A turnaround in groundwater in a smart industrial areaDecember 12, 2009
Managing water in an industrial unit
|Thanks to a 10-year master plan, a water-scarce area sees a change of fortune|
Proven method: Drip irrigation systems deliver water directly to the root zone of plants and reduce consumption
Located in a semi-arid area, the industrial unit spread over 343 acres depended solely on groundwater for its requirements. Borewells to a depth of 450 feet supplied the five lakh litres of water needed daily. In the year 2000, a disastrous year of rainfall, all the groundwater sources dried up and water had to be rationed. The plant had to shut operations and it became difficult to even supply water to the factory workers and their families resident in the colony.
The industrial unit resolved to consult experts from the ground water and forestry departments and came up with a comprehensive 10-year water management master plan involving watershed planning, rainwater harvesting, groundwater recharge and large-scale tree plantation.
Work began in right earnest that year itself with constant monitoring. More than 1,10,000 saplings of native trees which required little water were planted on campus. Percolation tank areas were identified and dug, recharge pits made and channels dug to link catchments to dried open wells.
A demand management strategy reduced water consumption to its optimum. Drip irrigation system was introduced to deliver water directly to the root zone of trees and reduce consumption.
A gradual change came over the area. Due to the recharge efforts the groundwater table rose by 250 feet and groundwater is now available in open wells also. Though the daily demand has gone up to eight lakh litres, a combination of reducing demand, recycling and reusing waste water and recharging groundwater has ensured that sustainable water is available right through the year.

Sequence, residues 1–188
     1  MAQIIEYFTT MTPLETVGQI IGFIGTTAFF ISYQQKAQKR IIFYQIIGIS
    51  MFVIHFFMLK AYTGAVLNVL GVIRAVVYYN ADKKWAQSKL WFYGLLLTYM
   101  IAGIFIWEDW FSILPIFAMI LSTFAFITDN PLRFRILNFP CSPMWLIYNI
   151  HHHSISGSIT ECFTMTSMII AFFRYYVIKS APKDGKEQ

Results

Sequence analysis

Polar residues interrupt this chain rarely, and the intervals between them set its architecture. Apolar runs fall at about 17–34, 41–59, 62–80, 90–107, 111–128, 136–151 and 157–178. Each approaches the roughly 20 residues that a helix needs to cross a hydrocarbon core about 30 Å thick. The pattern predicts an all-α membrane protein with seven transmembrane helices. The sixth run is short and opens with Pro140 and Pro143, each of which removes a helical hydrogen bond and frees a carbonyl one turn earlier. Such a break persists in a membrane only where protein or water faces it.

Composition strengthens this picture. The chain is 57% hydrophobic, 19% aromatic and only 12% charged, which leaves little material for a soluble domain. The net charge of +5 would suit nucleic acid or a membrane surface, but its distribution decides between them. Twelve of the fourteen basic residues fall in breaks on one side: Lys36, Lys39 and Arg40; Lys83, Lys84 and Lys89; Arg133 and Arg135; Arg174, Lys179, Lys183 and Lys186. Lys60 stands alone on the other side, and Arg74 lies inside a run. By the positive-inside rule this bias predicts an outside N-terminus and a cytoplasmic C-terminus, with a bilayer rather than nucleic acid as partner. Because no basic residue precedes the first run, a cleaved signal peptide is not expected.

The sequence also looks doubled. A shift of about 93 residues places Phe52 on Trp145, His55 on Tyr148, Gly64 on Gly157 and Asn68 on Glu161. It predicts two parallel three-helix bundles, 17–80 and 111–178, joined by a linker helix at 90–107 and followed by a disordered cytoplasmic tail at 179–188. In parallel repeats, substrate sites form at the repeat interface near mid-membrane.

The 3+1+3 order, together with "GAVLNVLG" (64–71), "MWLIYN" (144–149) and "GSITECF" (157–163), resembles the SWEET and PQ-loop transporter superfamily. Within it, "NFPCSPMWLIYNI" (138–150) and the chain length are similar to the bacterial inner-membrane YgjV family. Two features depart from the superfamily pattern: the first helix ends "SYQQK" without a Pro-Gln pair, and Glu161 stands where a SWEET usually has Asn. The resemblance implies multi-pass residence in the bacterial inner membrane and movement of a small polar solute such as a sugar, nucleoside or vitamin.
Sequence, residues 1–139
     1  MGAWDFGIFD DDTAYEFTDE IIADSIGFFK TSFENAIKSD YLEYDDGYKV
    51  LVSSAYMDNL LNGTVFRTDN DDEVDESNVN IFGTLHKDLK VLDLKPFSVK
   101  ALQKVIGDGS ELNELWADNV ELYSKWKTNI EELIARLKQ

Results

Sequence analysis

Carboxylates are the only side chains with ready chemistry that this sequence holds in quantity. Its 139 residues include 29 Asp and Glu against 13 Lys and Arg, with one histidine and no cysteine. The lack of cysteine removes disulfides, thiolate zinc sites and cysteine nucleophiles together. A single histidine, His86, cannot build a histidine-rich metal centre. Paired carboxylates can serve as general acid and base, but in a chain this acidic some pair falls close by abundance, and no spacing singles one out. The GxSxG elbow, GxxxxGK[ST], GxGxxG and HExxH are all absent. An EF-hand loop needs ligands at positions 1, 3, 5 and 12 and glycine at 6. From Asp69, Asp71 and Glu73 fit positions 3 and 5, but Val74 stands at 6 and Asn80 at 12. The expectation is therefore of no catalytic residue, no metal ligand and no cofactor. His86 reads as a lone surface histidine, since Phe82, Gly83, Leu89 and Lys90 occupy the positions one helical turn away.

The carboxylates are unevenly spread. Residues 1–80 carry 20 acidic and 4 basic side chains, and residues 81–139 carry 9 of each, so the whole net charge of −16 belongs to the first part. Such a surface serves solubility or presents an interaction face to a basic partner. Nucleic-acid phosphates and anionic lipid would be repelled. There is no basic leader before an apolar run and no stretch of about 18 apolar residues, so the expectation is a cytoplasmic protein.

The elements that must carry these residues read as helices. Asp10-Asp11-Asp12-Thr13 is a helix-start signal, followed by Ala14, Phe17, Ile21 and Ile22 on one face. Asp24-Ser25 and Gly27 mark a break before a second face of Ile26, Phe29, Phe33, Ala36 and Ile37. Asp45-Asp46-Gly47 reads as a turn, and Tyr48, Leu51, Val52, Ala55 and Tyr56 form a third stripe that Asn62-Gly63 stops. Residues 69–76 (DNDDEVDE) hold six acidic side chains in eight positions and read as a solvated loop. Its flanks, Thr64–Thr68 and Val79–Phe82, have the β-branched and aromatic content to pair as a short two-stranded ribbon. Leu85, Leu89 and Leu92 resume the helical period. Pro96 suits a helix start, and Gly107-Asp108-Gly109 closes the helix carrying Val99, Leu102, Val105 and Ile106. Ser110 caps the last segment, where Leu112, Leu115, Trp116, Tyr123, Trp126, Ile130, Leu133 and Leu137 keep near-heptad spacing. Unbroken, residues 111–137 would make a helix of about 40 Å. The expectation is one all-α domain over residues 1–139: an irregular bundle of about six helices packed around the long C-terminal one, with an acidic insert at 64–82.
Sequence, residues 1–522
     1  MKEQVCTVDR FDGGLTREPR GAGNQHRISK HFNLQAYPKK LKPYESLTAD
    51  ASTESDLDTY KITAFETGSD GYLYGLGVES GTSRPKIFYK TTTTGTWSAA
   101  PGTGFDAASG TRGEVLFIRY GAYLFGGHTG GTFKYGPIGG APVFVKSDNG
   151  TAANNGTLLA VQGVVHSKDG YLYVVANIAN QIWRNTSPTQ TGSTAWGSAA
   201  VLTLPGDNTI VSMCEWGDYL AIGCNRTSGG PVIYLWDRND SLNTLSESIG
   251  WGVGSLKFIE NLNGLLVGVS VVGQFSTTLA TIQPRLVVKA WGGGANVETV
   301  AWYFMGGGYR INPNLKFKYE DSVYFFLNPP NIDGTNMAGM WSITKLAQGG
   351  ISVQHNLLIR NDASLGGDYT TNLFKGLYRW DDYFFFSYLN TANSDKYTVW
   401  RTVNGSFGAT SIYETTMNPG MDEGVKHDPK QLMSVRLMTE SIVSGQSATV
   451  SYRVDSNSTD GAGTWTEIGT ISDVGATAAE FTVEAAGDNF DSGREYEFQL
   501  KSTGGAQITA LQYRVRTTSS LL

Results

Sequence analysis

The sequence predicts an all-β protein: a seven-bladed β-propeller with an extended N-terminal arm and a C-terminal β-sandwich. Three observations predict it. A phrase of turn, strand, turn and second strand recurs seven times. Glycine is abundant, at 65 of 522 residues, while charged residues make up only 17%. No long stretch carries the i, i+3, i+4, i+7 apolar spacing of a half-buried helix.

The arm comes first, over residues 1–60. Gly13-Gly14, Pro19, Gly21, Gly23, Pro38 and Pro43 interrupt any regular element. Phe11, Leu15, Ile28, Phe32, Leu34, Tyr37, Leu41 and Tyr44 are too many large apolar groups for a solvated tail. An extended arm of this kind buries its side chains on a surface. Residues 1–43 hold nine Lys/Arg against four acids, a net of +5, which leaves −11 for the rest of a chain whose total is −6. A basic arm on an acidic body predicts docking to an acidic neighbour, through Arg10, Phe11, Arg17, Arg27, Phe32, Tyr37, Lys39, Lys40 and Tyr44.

Due to the rise in groundwater table, pumping costs have decreased and water is available at around Rs. 7 per kilo-litre. Energy costs and carbon emissions too have declined since the head to which water has to be pumped has reduced. The trees are fully grown, reducing ambient temperature by 2 degrees Celsius. Birds are flying in and biodiversity has increased and the industrial unit has become a bird-watchers’ paradise. Fruits from the mango, coconut, chikku, pomegranate and gooseberry trees fetch nearly Rs. 2 lakh a year. The entire ecosystem has been transformed and regenerated.
What began as a work to tackle water shortage has resulted in bio-diversity enhancement, a carbon footprint neutral plant, and an energy-efficient and water-efficient plant.
The Mahindra and Mahindra unit at Zaheerabad won the excellent water management unit award and the innovative projects award for this remarkable work at the recent National Award for Excellence in Water Management 2009 organised by the CII at the CII-Sohrabji Godrej Green Building Centre in Hyderabad.
Industries like M & M Zaheerabad show that a dedicated team effort to overcome water adversity, combined with leadership, scientific planning, implementation and monitoring can transform a water-scarce region to a water-positive region. Since industrial demand for water is fast rising in India, solutions which show ‘water positivity’ are the need of the hour. That is water wisdom.